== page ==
Boyle couple restoring land to native grasses

August 05, 2003|LIZ MAPLES

More than 200 years ago, buffalo and elk, drawn by lush savannah grasslands, grazed the land on Michael and Elizabeth Burns' farm on U.S. 127 in Boyle County.

The couple have worked to return some of that land to the native grasses and savannah that first attracted animals and Native Americans. It is a historical restoration that has earned them the title of Boyle County cooperators of the year from the Boyle County Conservation District.

The couple are trained historians and believe that the concept of preservation also means they should be stewards of the environment. They have planted native grasses, building animal habitat, and fenced off a stream on their land to keep cows out, which improved water quality.

Weeds now dominate the native grass pasture, but tufts of grasses have begun to shoot up in between. In two years, those tufts will begin to choke out the weeds, and when drought strikes, instead of hay, the Burnses will be able to feed their cows in that field.


The pasture also provides a home for wildlife such as deer, turkey, mice and rabbits, and for a plethora of native bird species, quail, bobolink, larks, sparrows and finches.

The Burnses got the idea when they and farm manager Steve Campbell attended cow college at the University of Kentucky.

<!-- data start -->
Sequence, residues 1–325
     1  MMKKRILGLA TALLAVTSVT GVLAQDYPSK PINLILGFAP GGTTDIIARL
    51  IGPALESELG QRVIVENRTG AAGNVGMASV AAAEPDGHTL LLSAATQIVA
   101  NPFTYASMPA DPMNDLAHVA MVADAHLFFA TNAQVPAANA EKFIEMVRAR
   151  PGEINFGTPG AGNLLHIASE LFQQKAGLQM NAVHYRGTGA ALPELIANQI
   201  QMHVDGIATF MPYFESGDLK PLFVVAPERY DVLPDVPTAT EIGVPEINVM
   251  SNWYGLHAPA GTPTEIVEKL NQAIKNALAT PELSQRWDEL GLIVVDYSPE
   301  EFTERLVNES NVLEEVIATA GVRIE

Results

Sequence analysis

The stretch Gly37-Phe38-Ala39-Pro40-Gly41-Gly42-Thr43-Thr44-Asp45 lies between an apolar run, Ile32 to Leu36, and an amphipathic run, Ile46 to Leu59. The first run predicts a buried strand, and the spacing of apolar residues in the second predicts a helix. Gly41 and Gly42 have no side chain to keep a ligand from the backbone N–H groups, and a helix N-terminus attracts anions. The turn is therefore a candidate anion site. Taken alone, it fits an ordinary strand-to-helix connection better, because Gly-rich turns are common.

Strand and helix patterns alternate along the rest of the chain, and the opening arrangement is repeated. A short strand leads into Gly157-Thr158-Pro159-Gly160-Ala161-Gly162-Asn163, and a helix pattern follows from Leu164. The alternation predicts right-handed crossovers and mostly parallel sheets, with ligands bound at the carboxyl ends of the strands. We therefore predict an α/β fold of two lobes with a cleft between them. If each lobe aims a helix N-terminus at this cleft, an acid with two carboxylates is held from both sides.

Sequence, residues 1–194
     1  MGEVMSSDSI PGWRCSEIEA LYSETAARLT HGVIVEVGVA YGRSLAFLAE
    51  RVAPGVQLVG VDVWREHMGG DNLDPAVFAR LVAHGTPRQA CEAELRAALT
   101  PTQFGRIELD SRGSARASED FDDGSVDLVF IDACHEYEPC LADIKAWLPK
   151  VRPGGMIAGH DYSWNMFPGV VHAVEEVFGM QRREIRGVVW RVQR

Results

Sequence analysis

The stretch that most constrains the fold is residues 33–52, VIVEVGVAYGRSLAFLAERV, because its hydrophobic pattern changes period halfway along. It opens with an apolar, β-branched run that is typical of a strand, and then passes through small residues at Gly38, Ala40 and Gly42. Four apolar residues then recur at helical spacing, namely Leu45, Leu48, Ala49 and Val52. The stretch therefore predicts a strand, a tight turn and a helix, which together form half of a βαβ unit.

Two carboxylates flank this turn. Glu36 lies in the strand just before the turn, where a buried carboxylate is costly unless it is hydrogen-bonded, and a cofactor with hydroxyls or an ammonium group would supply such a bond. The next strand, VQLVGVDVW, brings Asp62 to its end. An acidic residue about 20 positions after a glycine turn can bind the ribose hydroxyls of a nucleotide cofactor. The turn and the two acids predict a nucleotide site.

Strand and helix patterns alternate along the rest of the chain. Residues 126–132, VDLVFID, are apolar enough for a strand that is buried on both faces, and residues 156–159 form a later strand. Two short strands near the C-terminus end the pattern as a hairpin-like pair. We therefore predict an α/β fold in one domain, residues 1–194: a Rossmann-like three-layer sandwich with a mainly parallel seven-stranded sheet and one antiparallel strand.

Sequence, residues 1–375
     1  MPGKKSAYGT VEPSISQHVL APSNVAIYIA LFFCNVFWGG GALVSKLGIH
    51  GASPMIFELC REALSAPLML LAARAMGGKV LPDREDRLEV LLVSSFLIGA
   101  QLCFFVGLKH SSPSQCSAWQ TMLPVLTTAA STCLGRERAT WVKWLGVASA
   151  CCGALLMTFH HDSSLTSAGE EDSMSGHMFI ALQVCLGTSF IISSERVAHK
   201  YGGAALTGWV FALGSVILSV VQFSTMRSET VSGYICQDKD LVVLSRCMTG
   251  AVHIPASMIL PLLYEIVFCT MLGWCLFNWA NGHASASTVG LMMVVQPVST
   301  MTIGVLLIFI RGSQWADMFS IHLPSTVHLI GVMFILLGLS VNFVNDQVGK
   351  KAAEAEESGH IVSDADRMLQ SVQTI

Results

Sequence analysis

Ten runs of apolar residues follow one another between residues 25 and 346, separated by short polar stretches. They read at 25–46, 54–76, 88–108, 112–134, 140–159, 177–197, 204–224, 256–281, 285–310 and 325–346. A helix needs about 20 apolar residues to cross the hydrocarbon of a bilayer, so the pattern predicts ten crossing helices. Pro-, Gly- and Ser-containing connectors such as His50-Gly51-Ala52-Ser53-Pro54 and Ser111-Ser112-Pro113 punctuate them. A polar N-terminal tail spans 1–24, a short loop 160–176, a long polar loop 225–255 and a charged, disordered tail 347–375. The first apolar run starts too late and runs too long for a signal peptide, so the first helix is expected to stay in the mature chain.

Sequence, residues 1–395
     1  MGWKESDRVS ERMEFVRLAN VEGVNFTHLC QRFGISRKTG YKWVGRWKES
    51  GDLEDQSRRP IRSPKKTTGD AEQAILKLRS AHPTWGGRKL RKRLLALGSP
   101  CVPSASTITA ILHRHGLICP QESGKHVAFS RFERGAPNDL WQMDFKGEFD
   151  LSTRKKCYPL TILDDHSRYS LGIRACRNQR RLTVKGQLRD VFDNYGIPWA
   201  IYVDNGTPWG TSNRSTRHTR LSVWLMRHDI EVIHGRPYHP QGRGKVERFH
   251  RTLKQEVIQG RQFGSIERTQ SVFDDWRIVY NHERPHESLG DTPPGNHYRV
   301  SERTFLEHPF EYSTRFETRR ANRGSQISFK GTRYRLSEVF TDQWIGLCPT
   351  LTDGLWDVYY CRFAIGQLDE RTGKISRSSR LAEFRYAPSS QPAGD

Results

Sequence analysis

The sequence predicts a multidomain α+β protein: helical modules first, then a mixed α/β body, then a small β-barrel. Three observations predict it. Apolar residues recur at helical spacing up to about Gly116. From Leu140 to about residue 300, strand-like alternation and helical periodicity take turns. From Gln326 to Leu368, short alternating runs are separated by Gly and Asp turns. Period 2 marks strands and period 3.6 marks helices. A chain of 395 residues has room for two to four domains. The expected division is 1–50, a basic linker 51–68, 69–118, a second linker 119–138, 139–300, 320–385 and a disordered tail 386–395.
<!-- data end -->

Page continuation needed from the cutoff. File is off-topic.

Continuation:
"It sounds like something city slickers would go to, but it's definitely not," Michael Burns said. The program teaches the latest innovations in cattle production.

When they returned, they were full of knowledge but needed help with implementation. Enter Natural Resources Conservation Service's Mary Ann Sharp. An engineer, she devised a plan to make the cows eat smarter.

Water sources on the 480-acre farm were moved and used to section off smaller pastures. Now the cows are fed in smaller areas and moved often, so they won't overgraze. Overgrazing destroys native birds' habitat, and cows that are allowed to eat aimlessly can smash eggs and trample grass, wasting food.

The restored savannah will look much like it did when Native Americans lived here. Tribes kept the woodlands thin by burning the area. Certain trees, like the blue ash, and grasses thrive under those conditions. The Burnses plan to thin it with flash grazing, allowing cows to eat for short periods of time, instead of using fire.

The changes at the farm not only preserve, but are also economical.

When cool season grasses, like fescue and bluegrass, slump under summer heat, native grasses thrive. Many farmers plant all of their acres with cool season grasses. When drought hits, they have to buy hay to tide over their herd.

Native grasses aren't cheap to plant, but Sharp explains that when grazed properly the grasses replenish themselves.

"Obviously we can't do the whole farm that way, but we are trying to preserve the parts of the land we can," Michael Burns said.

To improve water quality, Sharp kept the cows from defecating in a small stream that leads to Spear's Creek by fencing it off. Grass has grown up now along the spring providing more habitat for animals that live there, like frogs and fish.

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